I asked Raf why he likes De Gebrande Winning as both a place where people can savor his brews, as well as an event location, and he had this to say: “Raf Sainte once visited me in the blendery, and immediately there was a link between us, due to how we approach base ingredients, and turn them into beer or food. We pretty much have a similar philosophy, so we started planning on working together.”
Raf continued: “I was thinking of doing an event at the blendery, but there were so many practical issues with it (catering, parking, approval from the town hall, approval from my neighbors, etc) so I got in touch with Raf and he said we’re most welcome to host a release event at his place. After all, it was a much better choice, as their location is fully equipped for doing such events. On top of that, it’s a super cozy old farm building, which is a perfect setting, in my opinion.”
Raf added: “The nice thing is, we limit the capacity of the events, so there’s no waiting in lines, there’s plenty of beer and food for everyone, and a relaxed atmosphere to hang out with supporters of the Bokke project. Since the blendery is never open for visitors, doing the events at Gebrande kind of feels like I’m opening the blendery to visitors.”
Additionally, I attended the Night of the Great Thirst at Ebenezers Pub in Lovell, Maine, in August 2019, in which Raf and Bokke were one of the guests of honor. There were over 20 Bokke beers on offer during the fest, which I covered in this previous article.
For the Circus Edition beer event, Bokke had on offer: Abrikoos 2018; Grasshopper 2017; Pjassel 2018; Kriek-Pjassel 2017; and Steengaard 2018. Tokens at the festival cost 1.5 euros each, and each roughly 4 ounce pour of Bokke cost 3 tokens, so it was 4.5 euros (about $5) for a solid sampling of these excellent brews.
Situated beside the Bokke booth (and I’m sure this was not a coincidence) was Bofkont, a new lambic blendery that was opened by Sam Hellemans in 2018 in Kontich, south of Antwerp. Hellemans, who will turn 28 in February, started experimenting with brewing and blending in 2016. He is, of course, a a big fan of lambic brews. I found his beers to be the biggest new discovery for me at the festival. “My production is only about 20 hectoliters (about 17 U.S. barrels) of beer per year to date. So far, all is sold at beer festivals. Also, I don’t have a tasting cafe at the blendery.”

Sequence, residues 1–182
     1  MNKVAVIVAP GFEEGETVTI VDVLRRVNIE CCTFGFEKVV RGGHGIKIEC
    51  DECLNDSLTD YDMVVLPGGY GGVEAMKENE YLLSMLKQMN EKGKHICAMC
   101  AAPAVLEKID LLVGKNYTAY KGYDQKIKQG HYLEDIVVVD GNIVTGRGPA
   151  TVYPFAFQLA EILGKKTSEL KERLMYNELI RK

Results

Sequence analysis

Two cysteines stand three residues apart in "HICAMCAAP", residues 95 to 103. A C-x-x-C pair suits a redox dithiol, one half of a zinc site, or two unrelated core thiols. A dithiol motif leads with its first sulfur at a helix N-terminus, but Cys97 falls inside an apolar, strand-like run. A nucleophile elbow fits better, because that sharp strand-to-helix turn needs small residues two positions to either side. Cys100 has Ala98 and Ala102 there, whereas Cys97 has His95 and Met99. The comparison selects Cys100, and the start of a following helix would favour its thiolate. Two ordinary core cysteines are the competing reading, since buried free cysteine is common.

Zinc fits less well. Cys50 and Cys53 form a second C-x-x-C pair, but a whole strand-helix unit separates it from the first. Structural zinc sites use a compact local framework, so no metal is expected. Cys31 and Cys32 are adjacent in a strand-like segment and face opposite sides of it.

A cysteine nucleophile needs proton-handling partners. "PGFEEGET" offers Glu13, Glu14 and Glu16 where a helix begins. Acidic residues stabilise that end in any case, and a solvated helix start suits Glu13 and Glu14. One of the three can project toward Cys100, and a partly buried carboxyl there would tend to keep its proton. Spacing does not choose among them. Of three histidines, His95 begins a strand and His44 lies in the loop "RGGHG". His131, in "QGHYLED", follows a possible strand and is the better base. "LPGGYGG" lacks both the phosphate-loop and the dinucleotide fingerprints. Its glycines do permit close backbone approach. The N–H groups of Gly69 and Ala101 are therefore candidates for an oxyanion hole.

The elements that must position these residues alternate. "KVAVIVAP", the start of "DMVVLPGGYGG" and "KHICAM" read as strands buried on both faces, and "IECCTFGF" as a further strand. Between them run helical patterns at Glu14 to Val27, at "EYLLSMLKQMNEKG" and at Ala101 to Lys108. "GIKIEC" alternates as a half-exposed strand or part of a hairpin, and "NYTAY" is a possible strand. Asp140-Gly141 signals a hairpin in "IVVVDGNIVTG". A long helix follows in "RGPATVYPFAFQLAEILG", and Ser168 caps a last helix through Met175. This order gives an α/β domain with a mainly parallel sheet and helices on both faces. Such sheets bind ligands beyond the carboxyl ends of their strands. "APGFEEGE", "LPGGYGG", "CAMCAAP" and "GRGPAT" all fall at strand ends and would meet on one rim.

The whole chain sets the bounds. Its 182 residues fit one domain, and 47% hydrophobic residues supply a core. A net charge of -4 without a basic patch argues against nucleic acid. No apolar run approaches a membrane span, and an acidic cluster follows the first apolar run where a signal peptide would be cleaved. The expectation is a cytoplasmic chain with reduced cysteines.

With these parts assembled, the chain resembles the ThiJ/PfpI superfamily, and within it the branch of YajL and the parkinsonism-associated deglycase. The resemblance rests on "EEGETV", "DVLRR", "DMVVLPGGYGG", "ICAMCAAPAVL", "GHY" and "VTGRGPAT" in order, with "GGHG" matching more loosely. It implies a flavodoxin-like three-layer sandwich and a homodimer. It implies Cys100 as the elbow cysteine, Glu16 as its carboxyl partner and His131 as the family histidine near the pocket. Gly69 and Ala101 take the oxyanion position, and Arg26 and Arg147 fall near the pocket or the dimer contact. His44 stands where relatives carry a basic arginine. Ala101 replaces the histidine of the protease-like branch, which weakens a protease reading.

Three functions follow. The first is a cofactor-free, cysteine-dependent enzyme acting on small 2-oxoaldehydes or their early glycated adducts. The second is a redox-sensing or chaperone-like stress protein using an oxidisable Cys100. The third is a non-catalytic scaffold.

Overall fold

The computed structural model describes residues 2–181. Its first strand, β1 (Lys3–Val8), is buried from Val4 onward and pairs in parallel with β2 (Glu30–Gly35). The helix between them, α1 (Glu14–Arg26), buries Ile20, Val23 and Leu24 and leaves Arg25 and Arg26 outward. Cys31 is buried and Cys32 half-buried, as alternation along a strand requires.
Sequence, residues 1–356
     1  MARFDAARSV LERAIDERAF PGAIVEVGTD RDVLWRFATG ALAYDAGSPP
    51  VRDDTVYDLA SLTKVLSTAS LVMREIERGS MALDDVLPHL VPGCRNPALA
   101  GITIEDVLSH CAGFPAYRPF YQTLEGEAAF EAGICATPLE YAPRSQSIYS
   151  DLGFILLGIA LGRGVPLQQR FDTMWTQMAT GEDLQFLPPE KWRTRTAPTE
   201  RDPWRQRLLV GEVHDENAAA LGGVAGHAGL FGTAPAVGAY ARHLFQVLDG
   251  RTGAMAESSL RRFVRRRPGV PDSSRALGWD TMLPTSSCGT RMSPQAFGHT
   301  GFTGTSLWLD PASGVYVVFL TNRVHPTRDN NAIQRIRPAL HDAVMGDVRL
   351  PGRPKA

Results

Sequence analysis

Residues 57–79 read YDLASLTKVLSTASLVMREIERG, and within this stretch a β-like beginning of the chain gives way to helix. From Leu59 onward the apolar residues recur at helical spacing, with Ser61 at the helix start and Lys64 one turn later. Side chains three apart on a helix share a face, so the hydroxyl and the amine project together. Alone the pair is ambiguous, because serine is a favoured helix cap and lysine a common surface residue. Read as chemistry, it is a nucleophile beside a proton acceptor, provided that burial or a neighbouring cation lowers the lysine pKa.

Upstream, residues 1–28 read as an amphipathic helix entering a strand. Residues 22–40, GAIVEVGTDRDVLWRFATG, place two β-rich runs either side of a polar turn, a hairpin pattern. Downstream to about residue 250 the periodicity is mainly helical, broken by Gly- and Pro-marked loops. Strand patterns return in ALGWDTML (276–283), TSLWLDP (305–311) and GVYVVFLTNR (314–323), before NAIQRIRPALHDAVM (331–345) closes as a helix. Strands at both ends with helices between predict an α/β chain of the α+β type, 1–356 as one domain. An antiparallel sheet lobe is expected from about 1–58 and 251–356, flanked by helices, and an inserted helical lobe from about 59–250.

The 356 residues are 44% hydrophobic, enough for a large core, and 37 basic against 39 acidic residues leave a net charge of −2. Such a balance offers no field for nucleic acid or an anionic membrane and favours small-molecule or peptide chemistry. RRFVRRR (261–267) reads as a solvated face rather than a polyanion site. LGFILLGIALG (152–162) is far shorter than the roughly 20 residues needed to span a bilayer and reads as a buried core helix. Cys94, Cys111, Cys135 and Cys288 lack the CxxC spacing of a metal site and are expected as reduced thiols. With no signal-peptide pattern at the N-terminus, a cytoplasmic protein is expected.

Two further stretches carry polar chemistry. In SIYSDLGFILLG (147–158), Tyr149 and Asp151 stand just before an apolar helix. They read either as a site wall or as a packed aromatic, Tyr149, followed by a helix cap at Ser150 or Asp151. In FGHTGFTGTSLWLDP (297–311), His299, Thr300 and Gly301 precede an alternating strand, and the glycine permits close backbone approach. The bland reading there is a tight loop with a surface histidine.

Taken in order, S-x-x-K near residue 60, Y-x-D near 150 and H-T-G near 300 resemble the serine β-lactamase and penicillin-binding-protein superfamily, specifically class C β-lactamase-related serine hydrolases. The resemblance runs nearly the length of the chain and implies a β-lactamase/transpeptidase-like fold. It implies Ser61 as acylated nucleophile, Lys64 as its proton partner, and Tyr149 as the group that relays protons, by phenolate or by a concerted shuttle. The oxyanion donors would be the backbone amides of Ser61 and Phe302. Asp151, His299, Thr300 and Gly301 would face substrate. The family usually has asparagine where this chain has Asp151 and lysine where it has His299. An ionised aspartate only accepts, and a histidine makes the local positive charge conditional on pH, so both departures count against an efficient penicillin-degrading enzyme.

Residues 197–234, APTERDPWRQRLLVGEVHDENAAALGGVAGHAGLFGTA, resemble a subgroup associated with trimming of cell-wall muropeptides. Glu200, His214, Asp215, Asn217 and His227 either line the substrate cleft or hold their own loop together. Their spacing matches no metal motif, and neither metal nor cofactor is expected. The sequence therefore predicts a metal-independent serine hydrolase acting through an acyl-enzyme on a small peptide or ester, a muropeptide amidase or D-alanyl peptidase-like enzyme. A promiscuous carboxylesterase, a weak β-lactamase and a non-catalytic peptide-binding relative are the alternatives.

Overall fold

The Bofkont brews, like Bokke, are very flavorful. Sam is a big fan of Brouwerij Girardin’s lambic, as well as their Black Label Gueuze Girardin 1882. He uses lambics from Girardin and Brouwerij De Troch in his Bofkont blends.
As to the name of the blendery, Hellemans writes on his website: “Why the name ‘Bofkont’ (lucky dog in English)? After a while the project needed a name. Easier said than done. Had I not cleaned up the attic in that period…In short in that period I come across my stuffed animal from my childhood, a dog named BOFKONT! And I also consider myself a lucky person that I can work with such a beautiful beer like lambic!”
As you can see from the image above, Bofkont had five lambics on offer during the festival: Moonwalk 2017, an apricot lambic with 300 grams of apricots per liter of beer; Summermoon 2017, a fresh summer beer with apricots, and with a higher citrus content than the Moonwalk; Honeymoon 2017, with elderflowers macerated in a citrusy lambic; and Autumnmoon 2018, with a lower intensity of apricots, but with a longer maceration of the fruit in the lambic. This Apricot lambic has less fruit intensity and more lambic character. Hellemans also had a few extras not on the list, such as Abrikoos-Kaneel 2019, another very delicious apricot lambic.